developed.
The Zorka tunnels are on the
Dolly Varden railway, so that
transportation problems are nil, an
isset . that any mining company
can not afford to overlook. Hydroelectric power is easily obtainable
from the waters of West Creek.
♦ ♦
I   ALICE ARM NOTES   j
J. C. Brady, conservative candidate, arrived from Anyox yesterday morning. He was accompanied by Angus MacDonald.
Roland King and H. Bowyer,
who have spent the past 10 days
at Stewart returned to town
yesterday morning.
F. G. Dawson arrived in town
on Monday from Prince Rupert to
investigate tho possibility of moving the store building owned by
him near the sawmill. He left ou
Tuesday, and before leaving let a
contract to Al. Falconer for turning the building to face on the new
street. This work has already
been commenced.
Miss Stevens and Mrs. J. Mc-
Aulay of Prince Rupert arrived on
Friday to visit tlieir sister Mrs, W.
Stevens. They were accompanied
by Mr. McAulay, and came in their
own launch.
Mr. and Mrs. C. M. Smith and
family, who left_early iu the spring
returned to Alioe Arm on Monday
from North Vancouver where they
have resided since leaving here.
Alex. Seaton left Anyox on Friday
for Allenby. He has been assigned
to the Granby Co. offices at that
point. ALICE   ARM   AND   ANYOX   HERALD.   Friday.   August   13,   1926
Alice Arm & Anyox Herald
Issued every Saturday at Alice Arm
Alice Arm and Anyox $2.50 Yearly
Other Parts of Canada, $2.75
British Isles and United States, $3.00
Notices for Grown Grants -   -   $1.0.00
Land Notices -       »       -       -       $10.00
Goal Notices -      -      -       $0.00
Transient Advertising, 50c. per inch
Contract Rates on Application.
E. MOSS, Editor and Publisher.
If the Meighen government is
elected to power on September
14th. what will be the fate of the
Canadian National Railway system is a question a lot of electors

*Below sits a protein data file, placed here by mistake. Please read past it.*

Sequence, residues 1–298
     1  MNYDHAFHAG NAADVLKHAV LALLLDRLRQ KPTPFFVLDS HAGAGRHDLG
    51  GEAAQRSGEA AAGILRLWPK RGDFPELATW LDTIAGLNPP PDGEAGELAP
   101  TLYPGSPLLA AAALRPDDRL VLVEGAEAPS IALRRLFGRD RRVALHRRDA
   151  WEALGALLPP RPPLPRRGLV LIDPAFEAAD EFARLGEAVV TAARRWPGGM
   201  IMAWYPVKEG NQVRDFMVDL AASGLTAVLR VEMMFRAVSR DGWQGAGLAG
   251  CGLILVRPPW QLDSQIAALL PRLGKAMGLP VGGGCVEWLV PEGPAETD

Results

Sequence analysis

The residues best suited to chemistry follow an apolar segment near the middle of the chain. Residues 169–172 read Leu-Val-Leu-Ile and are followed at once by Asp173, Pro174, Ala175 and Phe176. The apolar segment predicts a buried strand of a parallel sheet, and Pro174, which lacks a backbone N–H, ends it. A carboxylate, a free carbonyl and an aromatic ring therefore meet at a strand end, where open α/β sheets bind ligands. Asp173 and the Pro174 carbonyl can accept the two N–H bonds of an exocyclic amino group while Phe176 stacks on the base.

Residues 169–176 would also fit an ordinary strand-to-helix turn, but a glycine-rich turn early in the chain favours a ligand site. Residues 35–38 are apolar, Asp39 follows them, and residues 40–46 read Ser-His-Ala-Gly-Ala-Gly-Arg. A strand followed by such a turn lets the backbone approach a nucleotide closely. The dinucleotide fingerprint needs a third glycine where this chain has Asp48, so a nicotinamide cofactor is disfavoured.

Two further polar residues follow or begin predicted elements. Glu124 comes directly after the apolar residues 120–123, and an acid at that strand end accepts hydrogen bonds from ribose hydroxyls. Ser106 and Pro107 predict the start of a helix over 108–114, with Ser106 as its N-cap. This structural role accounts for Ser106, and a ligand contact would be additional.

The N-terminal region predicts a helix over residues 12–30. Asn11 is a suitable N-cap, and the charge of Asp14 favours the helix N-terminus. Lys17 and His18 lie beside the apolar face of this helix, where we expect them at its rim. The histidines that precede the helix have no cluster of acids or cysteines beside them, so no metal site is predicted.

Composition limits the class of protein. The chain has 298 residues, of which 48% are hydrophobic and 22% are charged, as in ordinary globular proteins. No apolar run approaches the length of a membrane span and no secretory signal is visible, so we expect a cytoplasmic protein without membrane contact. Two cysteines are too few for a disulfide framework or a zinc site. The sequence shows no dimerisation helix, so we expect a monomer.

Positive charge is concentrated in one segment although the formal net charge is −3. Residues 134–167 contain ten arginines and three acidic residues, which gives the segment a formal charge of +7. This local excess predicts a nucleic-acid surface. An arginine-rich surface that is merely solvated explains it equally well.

are asking. Mr. Meighen has
given his word that the operation
of the system will be conducted in
the future as in the past, with Sir
Henry Thornton at the head of
affairs. It will be a good policy
for the conservatives if they carry
out this policy in its entirety for the
people of Canada will not tolerate
any mismanagement of their national railways. During the past few
years the earnings of the C. N. R.
have been increasing by leaps and
bounds, and what was, a few years
ago, an unwelcome burden around
the necks of the-people, bids in the
near future to become a veritable
gold mine. There is no question
but that the C. P. R. would very
much like to absorb it, and would
be willing to spend a lot of money
to attain that purpose. , It would
be a bad day for Canada should
the two systems be amalgamated,
with the C. P. R, in control, as
they certainly would be. The C.
N. R. system belongs to the people
of Canada, and what at one time
seemed to be a white elephant,
promises to become an Eldorado.
This one-time weakling is showing
a robust growth and should receive
careful attention until the manhood
stage   is   reached.      Sir   Henry
Prize Winners at Elks'
Flag Day Sports
1. Girls under 4 years. I, McDonald.
2. Hoys under 4 years. M.
Mclntyre.
!i.   Girls under 5 years.   .1. McLeod.
I. Hoys under 5 years. K. Armstrong.
5. Girls under 8 years.   G.Hague.
6. Boys under 8 years.   G.Kent.
7. Girls under 11 years. M. Barclay.
8. Boys under 11 years. D. McDonald. '
9. Girls under 13 years.   D. Grigg,
10. Boys under 13 years. G. McDonald.
II. Girls over 13 years. M. Dresser.
12.   Boys over 13 years.   H. Deeth.
18. Needle and thread race. K. Eve.
14. Potato race, girls under 10
years.   M. Barclay,
15. Potato raixvgirls over 11 years.
K. Eve.
16. Three-legged race, boys over 11